Everyone had a soundtrack through their high school and college years. Mine was Ben Folds Five. I remember hearing “Song for the Dumped” for the first time in eighth grade, my friend’s AIM profiles were littered with lyrics from “Evaporated” and “Selfless, Cold and Composed”, and I bought a Big Muff fuzz pedal just ’cause Sledge used one (although it’s in a box somewhere, I still have it).
We got our hearts broken back in 2000 when Ben Folds Five announced their breakup. Last year, we all heard the rumors about their alleged appearance at Bonnaroo. We all hoped it would happen. It did happen. Ben Folds Five reunited after their split more than a decade ago. Note: I know I’m leaving out the one-off performance of The Unauthorized Biography of Reinhold Messner back in ’08.
The Sound of the Life of the Mind, released just two weeks ago, has spent more time in constant rotation than any record I can remember. I’ll admit, being thirteen years older since the last Ben Folds Five album came out, my tastes have matured (hopefully for the better), and so has the band’s approach to making a record.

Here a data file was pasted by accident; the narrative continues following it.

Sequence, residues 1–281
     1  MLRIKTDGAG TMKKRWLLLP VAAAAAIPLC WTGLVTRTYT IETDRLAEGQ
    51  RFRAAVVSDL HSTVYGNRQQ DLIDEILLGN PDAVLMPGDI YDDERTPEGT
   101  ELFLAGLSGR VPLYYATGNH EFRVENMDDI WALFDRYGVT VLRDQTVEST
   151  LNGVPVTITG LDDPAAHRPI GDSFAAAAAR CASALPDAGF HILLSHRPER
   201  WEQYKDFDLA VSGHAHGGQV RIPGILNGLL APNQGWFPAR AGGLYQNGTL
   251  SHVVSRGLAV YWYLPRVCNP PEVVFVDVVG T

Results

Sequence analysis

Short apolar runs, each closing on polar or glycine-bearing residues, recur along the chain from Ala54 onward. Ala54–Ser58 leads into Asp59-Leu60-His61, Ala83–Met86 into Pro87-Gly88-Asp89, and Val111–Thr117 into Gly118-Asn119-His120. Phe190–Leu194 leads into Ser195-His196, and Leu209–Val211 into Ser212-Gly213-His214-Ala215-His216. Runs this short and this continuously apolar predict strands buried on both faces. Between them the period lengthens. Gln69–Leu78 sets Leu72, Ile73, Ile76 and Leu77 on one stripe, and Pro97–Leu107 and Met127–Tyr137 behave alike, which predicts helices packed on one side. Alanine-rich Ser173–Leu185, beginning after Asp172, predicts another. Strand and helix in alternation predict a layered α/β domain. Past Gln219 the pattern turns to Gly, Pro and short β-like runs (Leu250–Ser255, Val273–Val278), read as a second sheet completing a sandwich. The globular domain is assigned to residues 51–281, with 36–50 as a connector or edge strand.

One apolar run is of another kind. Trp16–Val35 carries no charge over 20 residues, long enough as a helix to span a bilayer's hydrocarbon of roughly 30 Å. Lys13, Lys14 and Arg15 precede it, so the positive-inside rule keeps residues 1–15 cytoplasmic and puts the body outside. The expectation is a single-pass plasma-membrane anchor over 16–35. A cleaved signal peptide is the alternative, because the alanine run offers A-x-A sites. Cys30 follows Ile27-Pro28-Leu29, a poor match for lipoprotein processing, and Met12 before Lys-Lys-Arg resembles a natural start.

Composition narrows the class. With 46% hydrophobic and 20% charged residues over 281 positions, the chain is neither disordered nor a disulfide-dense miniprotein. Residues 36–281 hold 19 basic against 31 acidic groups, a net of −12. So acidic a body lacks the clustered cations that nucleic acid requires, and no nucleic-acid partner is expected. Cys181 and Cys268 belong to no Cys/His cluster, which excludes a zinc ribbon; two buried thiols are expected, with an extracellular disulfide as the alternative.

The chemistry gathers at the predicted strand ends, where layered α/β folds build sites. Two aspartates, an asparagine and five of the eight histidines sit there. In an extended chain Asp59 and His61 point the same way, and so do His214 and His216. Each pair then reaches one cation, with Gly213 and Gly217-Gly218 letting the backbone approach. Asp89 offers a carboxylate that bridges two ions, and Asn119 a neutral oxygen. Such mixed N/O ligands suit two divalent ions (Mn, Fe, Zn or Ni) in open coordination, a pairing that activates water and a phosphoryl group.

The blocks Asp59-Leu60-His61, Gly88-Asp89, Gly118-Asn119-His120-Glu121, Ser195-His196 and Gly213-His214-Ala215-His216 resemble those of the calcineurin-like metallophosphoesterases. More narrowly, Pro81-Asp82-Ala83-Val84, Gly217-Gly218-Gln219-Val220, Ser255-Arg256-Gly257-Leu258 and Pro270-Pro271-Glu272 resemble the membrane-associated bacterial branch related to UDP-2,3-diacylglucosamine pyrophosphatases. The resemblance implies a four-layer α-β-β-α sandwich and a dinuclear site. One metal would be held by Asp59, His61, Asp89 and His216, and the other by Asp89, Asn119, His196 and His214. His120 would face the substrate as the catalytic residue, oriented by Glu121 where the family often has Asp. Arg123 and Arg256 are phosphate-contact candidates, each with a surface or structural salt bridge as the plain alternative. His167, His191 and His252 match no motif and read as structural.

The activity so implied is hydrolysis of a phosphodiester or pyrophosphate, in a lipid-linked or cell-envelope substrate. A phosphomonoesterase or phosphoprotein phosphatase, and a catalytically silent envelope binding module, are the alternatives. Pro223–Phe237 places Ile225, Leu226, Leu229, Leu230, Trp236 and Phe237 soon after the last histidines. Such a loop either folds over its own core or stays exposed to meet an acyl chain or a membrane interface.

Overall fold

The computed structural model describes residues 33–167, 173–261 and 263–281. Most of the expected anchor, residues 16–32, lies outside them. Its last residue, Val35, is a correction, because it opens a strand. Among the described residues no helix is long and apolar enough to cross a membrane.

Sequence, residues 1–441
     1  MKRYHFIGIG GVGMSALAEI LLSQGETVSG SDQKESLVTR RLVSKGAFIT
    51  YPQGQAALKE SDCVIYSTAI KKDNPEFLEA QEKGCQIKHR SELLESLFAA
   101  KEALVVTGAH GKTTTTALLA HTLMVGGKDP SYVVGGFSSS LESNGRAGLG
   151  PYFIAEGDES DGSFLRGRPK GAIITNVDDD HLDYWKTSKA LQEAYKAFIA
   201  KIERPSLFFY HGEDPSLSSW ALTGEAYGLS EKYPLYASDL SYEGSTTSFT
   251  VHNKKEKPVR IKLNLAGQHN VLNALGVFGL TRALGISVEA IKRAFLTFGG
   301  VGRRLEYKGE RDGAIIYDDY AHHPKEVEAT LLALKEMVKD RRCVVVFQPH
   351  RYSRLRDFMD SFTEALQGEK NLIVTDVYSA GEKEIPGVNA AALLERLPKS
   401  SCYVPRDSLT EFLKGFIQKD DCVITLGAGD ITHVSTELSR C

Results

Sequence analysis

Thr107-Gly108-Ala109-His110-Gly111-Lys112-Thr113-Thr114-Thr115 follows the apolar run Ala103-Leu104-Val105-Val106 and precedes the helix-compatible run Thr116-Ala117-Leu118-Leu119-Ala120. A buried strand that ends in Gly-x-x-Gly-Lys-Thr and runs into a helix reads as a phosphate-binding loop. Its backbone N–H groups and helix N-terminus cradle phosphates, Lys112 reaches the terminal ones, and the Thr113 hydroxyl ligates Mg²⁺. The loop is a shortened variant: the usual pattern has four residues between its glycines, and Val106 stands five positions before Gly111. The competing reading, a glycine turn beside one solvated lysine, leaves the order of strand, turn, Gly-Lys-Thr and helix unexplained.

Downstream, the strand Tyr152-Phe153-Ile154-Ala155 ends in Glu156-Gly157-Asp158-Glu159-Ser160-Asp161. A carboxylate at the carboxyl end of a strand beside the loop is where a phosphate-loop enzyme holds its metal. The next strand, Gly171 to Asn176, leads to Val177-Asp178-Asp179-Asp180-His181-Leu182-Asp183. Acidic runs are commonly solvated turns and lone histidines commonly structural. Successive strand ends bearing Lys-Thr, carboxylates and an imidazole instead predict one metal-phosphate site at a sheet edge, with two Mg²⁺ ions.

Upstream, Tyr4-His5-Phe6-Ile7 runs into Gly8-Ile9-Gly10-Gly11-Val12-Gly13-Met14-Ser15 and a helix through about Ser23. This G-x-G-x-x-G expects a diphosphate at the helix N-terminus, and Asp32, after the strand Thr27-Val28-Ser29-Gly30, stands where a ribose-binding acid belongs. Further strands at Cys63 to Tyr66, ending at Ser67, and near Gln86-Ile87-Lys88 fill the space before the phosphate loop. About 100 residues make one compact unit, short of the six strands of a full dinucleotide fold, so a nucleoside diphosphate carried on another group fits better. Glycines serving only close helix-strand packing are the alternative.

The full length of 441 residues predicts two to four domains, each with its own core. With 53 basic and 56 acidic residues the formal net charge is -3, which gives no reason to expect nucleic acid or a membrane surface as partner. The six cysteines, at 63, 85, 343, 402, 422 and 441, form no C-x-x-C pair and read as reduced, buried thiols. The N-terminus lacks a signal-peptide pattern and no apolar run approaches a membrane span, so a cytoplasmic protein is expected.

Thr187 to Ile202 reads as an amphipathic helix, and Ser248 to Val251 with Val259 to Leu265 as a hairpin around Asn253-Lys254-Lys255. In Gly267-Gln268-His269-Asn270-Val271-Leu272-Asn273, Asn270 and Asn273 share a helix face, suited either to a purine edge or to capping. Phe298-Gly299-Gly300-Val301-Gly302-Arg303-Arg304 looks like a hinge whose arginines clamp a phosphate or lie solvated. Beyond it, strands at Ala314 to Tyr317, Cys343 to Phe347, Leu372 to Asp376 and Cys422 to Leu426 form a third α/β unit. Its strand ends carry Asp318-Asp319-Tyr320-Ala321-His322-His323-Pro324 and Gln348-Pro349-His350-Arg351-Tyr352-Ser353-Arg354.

>The first track, “Erase Me” is a dark, theatric, and anger-filled breakup song, with production not far from Fold’s earlier work with Amanda Palmer. Once you’re into the second track, “Michael Praytor, Five Years Later”, it’s apparent the guys picked up where the sophistication of The Unauthorized Biography of Reinhold Messner left off.
Just because they’re a few years older doesn’t mean Ben Folds Five can’t live up to their signature quirk and snark. The chorus in “Draw A Crowd” will draw you to laugh out loud, not to mention the distorted vocals and Wurlitzer will make you moderately headbang in approval (at least, that’s what I do at work). “Do It Anyway” is fast-paced, with energy not unlike “Steven’s Last Night In Town”, sans horn section (if you haven’t seen the “Do It Anyway” music video, you’re welcome).
A lot of the reviews of The Sound of the Life of the Mind have spoken of a deep-rooted nostalgia; an escape back to youth. I can’t think of anything that’s further from the truth. The percussive yet melodic piano, biographical lyrics of fictional (?) characters, fuzzy bass, and spot-on harmonies from Robert Sledge and Darren Jessee are just part of the band’s instrumental tool belt. These tracks are deeper than past Ben Folds Five records, but our tastes have also matured with them.